She was always overwhelmed by problems and she relied on us kids to support her. It was the way she responded to my desires, saw my way of living my life as a problem for her, that pushed me to the extreme in wanting to be different.

I have five brothers, older and younger. When I tried to act like them, to be independent, I got punished and they didn’t. I was frustrated as a little girl, and when I was an adolescent it was a crisis. I tried to sit down with her and tell her about things I learned in school, and she wasn’t getting it. We had different minds.

Now as an adult I’m starting to see and accept the ways I’m like her. I know I have to just be sometimes, to observe more, to accept life as it is. I don’t want to build my identity on negation; I just want to be clear and honest about the negatives.

And she’s amazing! Because we challenge her, she’s trying to adjust her viewpoint to narrow the gap. Since I’m in Washington this semester, she asks about Obama, about the health care debate, even about the cherry blossoms. We’re coming closer. When I go home in a week or so after being away, our relationship will have shifted again. I honestly don’t know what to expect, because we’ve both changed.”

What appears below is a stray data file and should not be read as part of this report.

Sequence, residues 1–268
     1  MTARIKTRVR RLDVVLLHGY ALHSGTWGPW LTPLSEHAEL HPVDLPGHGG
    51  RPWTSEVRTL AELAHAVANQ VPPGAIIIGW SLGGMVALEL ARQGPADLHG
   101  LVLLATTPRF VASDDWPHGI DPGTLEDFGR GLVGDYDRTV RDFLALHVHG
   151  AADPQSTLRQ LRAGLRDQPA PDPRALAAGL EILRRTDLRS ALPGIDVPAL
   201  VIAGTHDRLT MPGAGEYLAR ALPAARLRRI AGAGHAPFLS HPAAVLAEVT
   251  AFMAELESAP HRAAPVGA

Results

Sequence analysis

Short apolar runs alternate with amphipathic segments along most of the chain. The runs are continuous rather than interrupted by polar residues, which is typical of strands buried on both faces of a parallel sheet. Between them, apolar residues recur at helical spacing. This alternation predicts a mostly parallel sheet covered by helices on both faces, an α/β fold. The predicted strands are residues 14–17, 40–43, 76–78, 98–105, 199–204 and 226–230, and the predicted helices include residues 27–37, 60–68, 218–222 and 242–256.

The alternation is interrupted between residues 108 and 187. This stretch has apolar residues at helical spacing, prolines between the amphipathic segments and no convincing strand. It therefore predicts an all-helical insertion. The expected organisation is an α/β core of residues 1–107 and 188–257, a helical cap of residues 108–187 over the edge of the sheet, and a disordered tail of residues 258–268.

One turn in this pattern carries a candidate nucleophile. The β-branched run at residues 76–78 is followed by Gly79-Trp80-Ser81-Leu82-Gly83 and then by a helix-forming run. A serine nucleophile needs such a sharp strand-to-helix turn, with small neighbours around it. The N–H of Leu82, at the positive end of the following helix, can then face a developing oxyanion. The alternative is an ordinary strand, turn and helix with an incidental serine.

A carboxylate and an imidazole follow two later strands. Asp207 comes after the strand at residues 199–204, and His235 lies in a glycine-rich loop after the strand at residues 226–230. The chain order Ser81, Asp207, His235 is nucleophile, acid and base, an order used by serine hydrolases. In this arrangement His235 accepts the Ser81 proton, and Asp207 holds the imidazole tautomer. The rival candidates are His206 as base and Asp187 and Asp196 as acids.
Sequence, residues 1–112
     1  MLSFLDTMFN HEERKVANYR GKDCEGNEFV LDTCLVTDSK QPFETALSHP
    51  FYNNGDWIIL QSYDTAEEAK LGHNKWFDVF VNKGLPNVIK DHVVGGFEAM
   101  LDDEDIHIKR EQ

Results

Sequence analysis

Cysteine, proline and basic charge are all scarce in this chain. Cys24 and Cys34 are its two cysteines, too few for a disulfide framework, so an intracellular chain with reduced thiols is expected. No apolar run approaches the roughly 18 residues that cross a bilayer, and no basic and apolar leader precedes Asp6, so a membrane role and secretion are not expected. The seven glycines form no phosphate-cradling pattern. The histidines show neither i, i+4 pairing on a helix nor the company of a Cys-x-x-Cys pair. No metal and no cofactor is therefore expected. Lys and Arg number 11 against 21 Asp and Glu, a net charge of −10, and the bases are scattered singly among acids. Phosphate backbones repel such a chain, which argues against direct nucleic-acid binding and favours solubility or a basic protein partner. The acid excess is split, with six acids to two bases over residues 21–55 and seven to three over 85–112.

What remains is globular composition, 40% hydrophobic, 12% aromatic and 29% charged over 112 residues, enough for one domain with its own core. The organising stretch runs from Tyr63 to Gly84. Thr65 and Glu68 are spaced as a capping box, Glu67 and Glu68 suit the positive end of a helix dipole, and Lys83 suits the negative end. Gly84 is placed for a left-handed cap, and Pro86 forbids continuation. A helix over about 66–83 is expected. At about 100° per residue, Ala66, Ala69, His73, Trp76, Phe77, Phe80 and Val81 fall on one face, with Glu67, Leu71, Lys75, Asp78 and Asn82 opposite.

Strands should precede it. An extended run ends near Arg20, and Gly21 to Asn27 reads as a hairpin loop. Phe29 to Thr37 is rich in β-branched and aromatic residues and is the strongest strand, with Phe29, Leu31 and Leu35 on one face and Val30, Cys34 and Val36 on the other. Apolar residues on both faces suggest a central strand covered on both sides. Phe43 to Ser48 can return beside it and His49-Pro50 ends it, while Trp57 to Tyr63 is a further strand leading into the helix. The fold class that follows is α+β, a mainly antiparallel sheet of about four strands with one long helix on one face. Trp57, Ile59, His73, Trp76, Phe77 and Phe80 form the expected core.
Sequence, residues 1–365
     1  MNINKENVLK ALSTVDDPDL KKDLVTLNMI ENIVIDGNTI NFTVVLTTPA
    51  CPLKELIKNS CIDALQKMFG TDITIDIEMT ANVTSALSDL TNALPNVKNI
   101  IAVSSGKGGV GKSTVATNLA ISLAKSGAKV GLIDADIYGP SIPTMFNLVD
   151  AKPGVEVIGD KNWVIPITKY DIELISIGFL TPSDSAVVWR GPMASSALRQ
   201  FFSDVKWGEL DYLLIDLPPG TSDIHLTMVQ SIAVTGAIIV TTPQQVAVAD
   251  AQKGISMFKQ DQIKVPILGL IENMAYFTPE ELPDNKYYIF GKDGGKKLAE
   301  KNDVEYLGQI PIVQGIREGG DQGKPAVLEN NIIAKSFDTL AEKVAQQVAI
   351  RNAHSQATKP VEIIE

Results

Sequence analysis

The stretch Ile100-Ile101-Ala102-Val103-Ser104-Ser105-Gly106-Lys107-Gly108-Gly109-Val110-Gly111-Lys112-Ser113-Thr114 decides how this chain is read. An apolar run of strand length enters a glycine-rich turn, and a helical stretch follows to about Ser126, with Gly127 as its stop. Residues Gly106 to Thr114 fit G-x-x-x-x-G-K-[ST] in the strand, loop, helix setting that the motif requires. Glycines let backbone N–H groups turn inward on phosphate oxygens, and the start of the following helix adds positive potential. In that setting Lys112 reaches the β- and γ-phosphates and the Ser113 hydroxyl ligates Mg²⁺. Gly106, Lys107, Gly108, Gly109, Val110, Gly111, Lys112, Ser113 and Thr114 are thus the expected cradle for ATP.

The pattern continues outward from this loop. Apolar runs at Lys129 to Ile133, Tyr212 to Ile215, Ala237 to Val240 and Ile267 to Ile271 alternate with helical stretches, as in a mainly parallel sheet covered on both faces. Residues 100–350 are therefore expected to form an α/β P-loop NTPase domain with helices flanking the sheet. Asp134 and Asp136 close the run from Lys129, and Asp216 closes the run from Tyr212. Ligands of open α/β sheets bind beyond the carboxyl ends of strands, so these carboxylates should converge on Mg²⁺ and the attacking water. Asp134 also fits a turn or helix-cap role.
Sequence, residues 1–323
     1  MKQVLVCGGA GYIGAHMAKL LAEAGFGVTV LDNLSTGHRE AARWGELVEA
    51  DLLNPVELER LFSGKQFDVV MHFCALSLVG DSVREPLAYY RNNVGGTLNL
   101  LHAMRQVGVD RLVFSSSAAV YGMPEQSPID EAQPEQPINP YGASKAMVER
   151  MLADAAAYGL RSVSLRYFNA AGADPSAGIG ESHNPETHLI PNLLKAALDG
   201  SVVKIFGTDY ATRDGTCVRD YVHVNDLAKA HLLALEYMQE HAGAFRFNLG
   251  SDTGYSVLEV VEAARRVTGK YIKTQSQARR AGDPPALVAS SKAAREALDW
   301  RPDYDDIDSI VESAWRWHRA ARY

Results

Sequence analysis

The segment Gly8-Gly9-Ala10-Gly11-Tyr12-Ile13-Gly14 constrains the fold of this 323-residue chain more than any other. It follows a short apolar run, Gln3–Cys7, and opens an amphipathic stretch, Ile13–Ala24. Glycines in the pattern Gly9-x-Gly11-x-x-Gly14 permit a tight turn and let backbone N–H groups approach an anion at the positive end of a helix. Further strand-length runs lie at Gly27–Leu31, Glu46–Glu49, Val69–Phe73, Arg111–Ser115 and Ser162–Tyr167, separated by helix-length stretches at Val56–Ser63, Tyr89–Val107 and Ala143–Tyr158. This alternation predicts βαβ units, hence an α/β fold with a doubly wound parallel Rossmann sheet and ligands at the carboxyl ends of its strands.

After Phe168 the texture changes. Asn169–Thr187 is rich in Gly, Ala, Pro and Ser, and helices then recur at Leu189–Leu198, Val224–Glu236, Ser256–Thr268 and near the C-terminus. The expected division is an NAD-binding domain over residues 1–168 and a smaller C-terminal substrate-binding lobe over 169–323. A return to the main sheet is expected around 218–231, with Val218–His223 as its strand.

J. feels awkward about all this, so I (Mary) tell her she’s not alone. Many of us don’t really appreciate our mothers until we’re adults. And daughters who are encouraged to excel have their dissatisfactions too.

Lesley Pocock, a member in Australia, publishes materials for medical education.

“My daughter (a clever girl who is now a volcanologist and exploration geophysicist at University of Southampton, UK) was enrolled in a massive, long-term survey of the physical, mental, and social development of girls when she was in secondary school. The whole family was involved―and it brought out some interesting issues about mothers and daughters. Very briefly, I was a young mother in a newly ‘emancipated era’ (70s/80s). We were told to tell our daughters they could do anything and so we did. In the case of my daughter, I knew she had the capacity to do anything, so I genuinely believed in her.

I was a working mother (but part time when the children were small) which was also a novelty. (And later my daughter said, “How do you think I became so strong and independent? It was my role of “supermum” she attributed this to.) But the interesting part was, in the survey interviews, her only complaint against me was, ‘Mum thinks I can do everything!’ ”

Mothers are given. We choose our mentors, so they shape us―and we them―in different ways. Alicia’s father played a key role in her development. Mary’s mentor and role model was her 10-years-older sister. For J. it was a brother.

“With five brothers, I spent my life in a masculine world. I was closest to the brother a year older than me. And curiously, when I think about it, the qualities I admired in him were what some might call feminine qualities. He was very interested in listening to my experience. He was very good in school, and he loved to draw; he was drawing all the time. I used to ask for his approval of all my ideas. Now it matters much less; I don’t need that any more.